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World pays tribute to Margaret Thatcher

Global leaders speak up for "Iron Lady" as legacy of Britain's first female prime minister remains divided at home.

Last Modified: 09 Apr 2013 05:46
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Flags have been lowered to half-mast at Britain's parliament to mark Margaret Thatcher's passing [Reuters]

Former British Prime Minister Margaret Thatcher has died, following a stroke. She was 87.

Shortly after her death was announced on Monday morning, tributes began pouring in from world leaders.

"As our first woman prime minister, Margaret Thatcher succeeded against all the odds, and the real thing about Margaret Thatcher is that she didn't just lead our country, she saved our country," said UK Prime Minister David Cameron, head of the Conservative Party.

US President Barack Obama said: "As a grocer’s daughter who rose to become Britain’s first female prime minister, she stands as an example to our daughters that there is no glass ceiling that can’t be shattered."

Flags have been lowered to half-mast at Britain's parliament to mark her passing as flowers piled up at her London home - but at the other end of the political spectrum, left-wingers threw parties upon news of her death.

Divisive leader

Several of Tuesday's newspapers in the UK focused on how divisive the leader was.

"The woman who divided a nation," ran the Daily Mirror's headline, "Loved, hated, never forgotten," said The Northern Echo.

Some left-wingers, including in south London - the scene of fierce rioting in the 1980s, blamed on deep social divisions as well as racial tensions - convened a street party to celebrate.

Thatcher's government privatised several state-owned industries and was involved in a year-long stand-off with unions during the Miners' Strike of 1984-5.

The coal miners' union issued a statement on Monday saying "good riddance" to the former prime minister.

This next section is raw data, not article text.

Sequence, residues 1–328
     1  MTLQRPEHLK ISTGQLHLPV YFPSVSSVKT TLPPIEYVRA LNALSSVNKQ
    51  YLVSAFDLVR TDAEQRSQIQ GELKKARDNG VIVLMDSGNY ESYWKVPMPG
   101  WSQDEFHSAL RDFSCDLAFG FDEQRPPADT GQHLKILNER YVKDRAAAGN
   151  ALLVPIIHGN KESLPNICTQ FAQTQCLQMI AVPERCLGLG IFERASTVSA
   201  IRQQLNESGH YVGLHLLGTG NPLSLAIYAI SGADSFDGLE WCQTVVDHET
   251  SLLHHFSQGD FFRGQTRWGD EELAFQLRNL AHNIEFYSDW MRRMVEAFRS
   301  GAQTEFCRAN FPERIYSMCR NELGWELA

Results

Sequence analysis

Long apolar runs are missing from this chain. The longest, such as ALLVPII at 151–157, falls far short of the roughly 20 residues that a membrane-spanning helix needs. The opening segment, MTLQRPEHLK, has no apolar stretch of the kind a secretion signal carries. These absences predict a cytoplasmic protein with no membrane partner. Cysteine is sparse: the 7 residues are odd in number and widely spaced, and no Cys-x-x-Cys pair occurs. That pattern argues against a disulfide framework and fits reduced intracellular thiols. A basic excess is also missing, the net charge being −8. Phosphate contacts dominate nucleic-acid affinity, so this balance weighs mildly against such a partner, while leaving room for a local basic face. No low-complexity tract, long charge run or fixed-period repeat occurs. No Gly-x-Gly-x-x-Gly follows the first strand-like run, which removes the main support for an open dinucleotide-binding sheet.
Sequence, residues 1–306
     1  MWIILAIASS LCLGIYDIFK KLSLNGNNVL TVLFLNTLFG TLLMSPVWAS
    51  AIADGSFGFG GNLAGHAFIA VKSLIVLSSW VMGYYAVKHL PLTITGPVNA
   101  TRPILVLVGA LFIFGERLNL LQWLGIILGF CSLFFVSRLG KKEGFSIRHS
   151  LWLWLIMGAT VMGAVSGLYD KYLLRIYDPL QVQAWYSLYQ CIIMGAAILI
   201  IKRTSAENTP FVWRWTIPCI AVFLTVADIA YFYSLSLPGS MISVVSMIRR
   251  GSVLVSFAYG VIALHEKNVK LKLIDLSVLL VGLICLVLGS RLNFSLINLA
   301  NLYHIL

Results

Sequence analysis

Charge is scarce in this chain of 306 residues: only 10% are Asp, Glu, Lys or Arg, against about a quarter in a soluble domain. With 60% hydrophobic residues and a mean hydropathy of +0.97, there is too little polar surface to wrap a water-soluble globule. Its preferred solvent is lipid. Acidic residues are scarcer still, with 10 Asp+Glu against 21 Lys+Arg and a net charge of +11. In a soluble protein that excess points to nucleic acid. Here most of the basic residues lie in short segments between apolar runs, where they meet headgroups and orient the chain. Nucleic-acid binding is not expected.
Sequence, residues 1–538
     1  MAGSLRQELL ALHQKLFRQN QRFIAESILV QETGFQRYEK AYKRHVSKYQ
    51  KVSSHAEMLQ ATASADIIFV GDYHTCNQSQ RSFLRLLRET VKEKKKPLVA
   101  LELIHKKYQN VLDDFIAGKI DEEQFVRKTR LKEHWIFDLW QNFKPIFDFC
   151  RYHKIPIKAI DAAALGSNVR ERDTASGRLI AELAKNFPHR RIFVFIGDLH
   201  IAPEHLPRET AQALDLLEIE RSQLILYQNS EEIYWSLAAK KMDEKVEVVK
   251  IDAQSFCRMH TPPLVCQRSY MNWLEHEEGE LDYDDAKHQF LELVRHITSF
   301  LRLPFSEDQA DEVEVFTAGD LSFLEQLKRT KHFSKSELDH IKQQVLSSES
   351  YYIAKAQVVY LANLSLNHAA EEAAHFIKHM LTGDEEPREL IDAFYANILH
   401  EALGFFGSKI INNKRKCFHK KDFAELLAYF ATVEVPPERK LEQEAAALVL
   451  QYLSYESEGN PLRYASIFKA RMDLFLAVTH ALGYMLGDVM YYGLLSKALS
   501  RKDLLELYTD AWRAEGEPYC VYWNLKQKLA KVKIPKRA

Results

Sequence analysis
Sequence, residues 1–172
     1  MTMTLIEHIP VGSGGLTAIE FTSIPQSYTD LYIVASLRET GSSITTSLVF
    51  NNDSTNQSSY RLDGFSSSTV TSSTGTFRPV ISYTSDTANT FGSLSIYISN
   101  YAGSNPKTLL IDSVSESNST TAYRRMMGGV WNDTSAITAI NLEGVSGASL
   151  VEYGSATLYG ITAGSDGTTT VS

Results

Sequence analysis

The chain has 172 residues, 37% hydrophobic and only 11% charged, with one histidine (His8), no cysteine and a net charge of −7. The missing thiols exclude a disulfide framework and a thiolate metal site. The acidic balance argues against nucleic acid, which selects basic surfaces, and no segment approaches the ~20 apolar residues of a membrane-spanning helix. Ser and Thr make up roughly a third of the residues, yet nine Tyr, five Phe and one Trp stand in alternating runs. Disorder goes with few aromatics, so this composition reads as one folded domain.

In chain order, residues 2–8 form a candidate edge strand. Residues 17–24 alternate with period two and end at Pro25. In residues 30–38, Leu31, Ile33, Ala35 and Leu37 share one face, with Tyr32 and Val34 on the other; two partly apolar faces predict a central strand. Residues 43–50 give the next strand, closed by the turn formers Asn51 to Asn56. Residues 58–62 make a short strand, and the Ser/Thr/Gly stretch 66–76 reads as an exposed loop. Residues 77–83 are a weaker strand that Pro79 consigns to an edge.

There were also signs of celebration in Argentina. Thatcher sent a task force to recapture the Falkland Islands after a 1982 invasion by Argentine forces, in an operation she considered one of the triumphs of her rule.

The Socialist Worker newspaper led with a one word headline: "Rejoice!", while the Morning Star, another title focusing on trade union issues, said Thatcher was "the woman who tore Britain apart."

Conservative icon

Thatcher led the Conservative Party to three election victories, governing from 1979 to 1990, the longest continuous period in office by a British prime minister since the early 19th century.

She retired from public engagements in 2002 following a series of small strokes, and was only occasionally seen in public since then.

The British government said a ceremonial funeral with military honours would be held at London's St Paul's Cathedral for the late leader.

"Thatcher was a politician whose words carried great weight."

- Mikhail Gorbachev,  
former Soviet president

In line with her family's wishes, the ceremony will not be a full state funeral.

"A wide and diverse range of people and groups with connections to Lady Thatcher will be invited," Cameron's office said in a statement.

"The service will be followed by a private cremation. All the arrangements being put in place are in line with wishes of Lady Thatcher's family."

Thatcher struck up a close relationship with US President Ronald Reagan in the Cold War, and shared his belief that free markets would build a better country than reliance on a strong, central government.

Former Soviet President Mikhail Gorbachev, who held frequent meetings with Thatcher at the end of the Cold War, said she was a "great politician" who will go down in history.

"Thatcher was a politician whose words carried great weight," he told Interfax news agency, calling her death "sad news".

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